Copper Canyon Trek, March 2000

Ron sent me a number of very nice photographs, but after scanning them, I'm afraid that the quality is not nearly as good as the originals. I'm working on retouching and rescanning, but haven't yet included any of his photos here. ---- Click on any of the images below to view a larger version. --- Use the "back" button on your browser to return to the gallery of thumbnail images --- There's no order here... sorry, but I didn't want to delay this any longer.

I hope they're not talking about work.... Physician... rest thyself! At the falls above the Orange Grove. Carl says, "no comment" This "Assassin Bug" visited Jamie and Trudi's tent.

Girl from Wacahipare, at our "Puerto" lunch stop. Typical Bear Basin Ranch employee. Manuel and Gilo at the Orange Grove. Day One: bringing in the burros for packing. Looking north, from the trail to the hotsprings.

Carl's rock camp. Returning from the warm pools... very carefully! Some people always have to go to the very edge. Diane The "Eagle" guards the warm pools.

At the warm pools. Our first hour on the trail. Goats and young girl crossing the river. Returning from our visit to Lupe's house, through her orchard. Day 2 -- "exploring" the sandbar and swimming hole.

Descending to the river. Visiting our neighbors. Hotel Mansion Tarahumara Climbing the trail to the hotsprings. This is the steep canyon wall we climbed to reach the hotsprings. The trail goes right up the middle.

Jamie and Trudi, as we waited for news of the burro that fell shortly after we left the Orange Grove Camp. Deadman's Float Jamie Jilo Mancinas Jim braves the warm pool while Alan hunts for... scorpions?

Jim's idea of First Aid. The Copper Canyon Lodge's infamous 'Canyon Cruiser', in front of the Tarahumara Mission Store in Creel. Jim, in his element. Chicken salad and honeydew melon; lunch at the warm pools. Lupe brings her ailing baby to our river camp.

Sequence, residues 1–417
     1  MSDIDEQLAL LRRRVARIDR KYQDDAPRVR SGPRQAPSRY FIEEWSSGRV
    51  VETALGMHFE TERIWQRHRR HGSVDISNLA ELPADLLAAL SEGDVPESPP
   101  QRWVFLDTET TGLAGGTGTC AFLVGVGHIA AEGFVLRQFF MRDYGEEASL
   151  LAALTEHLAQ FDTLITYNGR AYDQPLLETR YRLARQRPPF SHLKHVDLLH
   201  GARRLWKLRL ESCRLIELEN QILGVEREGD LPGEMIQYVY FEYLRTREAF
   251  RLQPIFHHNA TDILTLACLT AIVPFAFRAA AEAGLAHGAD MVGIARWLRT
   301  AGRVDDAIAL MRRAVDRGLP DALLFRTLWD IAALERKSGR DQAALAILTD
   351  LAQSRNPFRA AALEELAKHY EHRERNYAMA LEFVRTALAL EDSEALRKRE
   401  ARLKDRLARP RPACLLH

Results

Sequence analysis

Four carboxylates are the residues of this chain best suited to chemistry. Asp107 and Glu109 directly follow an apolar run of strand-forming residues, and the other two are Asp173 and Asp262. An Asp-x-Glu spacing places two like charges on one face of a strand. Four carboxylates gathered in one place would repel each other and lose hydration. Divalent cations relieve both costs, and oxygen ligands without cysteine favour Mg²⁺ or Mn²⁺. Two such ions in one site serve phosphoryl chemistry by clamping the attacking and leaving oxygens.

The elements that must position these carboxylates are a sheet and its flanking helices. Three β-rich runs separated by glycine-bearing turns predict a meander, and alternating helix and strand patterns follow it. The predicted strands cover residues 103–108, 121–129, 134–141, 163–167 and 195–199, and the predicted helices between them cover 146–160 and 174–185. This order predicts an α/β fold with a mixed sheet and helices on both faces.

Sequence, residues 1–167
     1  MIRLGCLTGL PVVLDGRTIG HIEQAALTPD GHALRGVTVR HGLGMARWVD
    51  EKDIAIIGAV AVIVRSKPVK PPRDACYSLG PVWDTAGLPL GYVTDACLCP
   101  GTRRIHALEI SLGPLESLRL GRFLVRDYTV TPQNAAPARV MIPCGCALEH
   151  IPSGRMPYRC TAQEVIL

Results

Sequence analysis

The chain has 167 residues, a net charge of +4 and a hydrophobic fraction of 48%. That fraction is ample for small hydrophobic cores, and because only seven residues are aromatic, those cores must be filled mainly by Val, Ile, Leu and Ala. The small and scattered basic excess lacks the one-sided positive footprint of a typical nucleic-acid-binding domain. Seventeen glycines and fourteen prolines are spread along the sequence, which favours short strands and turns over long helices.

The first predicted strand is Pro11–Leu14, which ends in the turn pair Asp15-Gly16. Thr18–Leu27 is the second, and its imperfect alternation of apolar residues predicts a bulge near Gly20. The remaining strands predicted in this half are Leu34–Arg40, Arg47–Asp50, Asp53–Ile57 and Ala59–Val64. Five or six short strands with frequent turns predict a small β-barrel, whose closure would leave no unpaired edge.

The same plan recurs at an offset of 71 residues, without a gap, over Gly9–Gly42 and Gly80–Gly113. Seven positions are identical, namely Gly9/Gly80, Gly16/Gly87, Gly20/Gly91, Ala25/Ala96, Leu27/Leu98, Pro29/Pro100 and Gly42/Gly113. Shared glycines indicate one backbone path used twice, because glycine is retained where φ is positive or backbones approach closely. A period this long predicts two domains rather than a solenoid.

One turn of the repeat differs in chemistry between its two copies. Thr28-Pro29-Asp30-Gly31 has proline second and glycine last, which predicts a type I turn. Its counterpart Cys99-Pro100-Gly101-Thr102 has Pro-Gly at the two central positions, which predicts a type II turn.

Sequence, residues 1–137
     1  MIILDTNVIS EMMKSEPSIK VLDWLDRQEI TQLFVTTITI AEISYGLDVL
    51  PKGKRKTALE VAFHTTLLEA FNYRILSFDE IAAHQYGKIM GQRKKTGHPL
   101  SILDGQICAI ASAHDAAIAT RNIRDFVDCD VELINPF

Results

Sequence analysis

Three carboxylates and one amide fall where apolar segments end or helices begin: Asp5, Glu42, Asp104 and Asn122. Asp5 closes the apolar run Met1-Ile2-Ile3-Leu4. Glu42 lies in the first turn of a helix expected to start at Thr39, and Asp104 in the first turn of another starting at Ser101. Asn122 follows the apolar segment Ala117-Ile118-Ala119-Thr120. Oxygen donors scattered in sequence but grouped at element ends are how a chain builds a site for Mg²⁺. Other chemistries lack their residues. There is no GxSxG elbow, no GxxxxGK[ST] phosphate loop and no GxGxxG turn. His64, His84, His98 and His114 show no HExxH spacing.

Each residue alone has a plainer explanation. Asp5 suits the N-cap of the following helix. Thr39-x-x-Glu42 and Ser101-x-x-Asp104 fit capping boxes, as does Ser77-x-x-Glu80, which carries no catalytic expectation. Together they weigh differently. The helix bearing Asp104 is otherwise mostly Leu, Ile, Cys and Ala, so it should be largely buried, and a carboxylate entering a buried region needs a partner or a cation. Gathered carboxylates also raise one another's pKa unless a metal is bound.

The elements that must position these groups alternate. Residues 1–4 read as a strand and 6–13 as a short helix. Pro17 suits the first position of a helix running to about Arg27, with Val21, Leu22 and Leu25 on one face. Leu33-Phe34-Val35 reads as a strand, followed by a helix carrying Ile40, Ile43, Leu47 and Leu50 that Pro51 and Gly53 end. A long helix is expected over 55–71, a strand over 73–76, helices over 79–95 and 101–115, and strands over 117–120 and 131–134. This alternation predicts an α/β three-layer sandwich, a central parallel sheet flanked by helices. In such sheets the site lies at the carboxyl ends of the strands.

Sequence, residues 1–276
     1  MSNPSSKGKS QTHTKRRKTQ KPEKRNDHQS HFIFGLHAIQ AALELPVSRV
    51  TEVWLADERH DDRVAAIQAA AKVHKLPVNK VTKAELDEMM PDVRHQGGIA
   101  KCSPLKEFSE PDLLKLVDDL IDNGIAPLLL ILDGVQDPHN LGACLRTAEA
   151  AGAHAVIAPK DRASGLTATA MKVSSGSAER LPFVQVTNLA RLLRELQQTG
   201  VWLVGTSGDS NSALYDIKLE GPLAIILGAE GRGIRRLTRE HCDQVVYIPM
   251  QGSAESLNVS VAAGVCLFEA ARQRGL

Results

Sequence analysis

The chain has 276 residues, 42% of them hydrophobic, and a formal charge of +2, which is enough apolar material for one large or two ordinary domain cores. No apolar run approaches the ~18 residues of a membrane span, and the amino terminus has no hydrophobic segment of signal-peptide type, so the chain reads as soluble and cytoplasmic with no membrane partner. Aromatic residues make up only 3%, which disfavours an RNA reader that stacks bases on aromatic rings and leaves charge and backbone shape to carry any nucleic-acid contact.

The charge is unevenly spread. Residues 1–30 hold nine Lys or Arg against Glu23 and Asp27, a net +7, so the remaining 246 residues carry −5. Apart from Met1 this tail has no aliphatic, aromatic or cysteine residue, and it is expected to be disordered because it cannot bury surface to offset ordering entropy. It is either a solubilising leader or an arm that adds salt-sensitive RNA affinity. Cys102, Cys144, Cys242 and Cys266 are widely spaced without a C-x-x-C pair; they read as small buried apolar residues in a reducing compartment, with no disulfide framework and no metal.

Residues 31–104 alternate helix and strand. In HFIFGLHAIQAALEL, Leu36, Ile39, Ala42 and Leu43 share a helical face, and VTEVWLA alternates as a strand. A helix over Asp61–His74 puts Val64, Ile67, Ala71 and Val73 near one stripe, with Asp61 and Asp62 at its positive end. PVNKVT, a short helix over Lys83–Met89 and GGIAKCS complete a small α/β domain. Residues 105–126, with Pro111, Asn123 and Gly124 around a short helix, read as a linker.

Manuel, our shy Tarahumara companion. The Mogollon cave from afar. If you can't quite spot the ruins, they are in the shadowed overhang, a little over an inch from the photo's right margin. Negro cools off at the Orange Grove as we hike back up to Wacahipare. Slumber party at the Orange Grove.

This ancient grove of oranges, avocado, mango, banana and lime trees is just below Lupe's house. In spite of a severe drought, the spring never seems to diminish. The Orange Grove from below. It takes about an hour to hike from the top of the grove to the point where this photo was taken. A warm and most-welcome jacuzzi at the Orange Grove. Bearded Pitahaya cactus. YES!

Looking more or less to the north, the Urique Canyon is below; the Barranca del Cobre would be in the upper right distance. View over the Urique Canyon from the Puerto, facing southwest. Our river camp, from downstream. Returning from the warm pools. Roger, looking well grizzled.

The source of water just above the Orange Grove. Roger: onward and upward! I call this spot the Puerto Knob -- the 'Puerto' ('port' or 'pass') is the ridge we explored late in the afternoon of the day we hiked back up to Wacahipare. Martha and Ron, on the edge.... Please... don't step back!

Steve carefully mulls over my offer to cauterize his wound. Steve Tarahumara cabin, just above the trail near Wacahipare. Our Tarahumara friends at the river. 'Towis' come to visit, and are served hot chocolate.

'Saint Teresa' prepares the beans! Breakfast in the Orange Grove. Our tents, scattered among the boulders at Wacahipare. This is the first time we've had to 'dry camp' here. Geronimo sent two men and a burro to bring water from a spring in a narrow gorge high above this camp. Tarahumara homesteads above Wacahipare, as we descend into the canyon on the first day. Wacahipare, as we return in late afternoon. The effects of the prolonged drought are obvious in this photo.

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We're making plans now for our exploratory trek next year of the Oteros river and its neighboring canyons. Stand by for updates.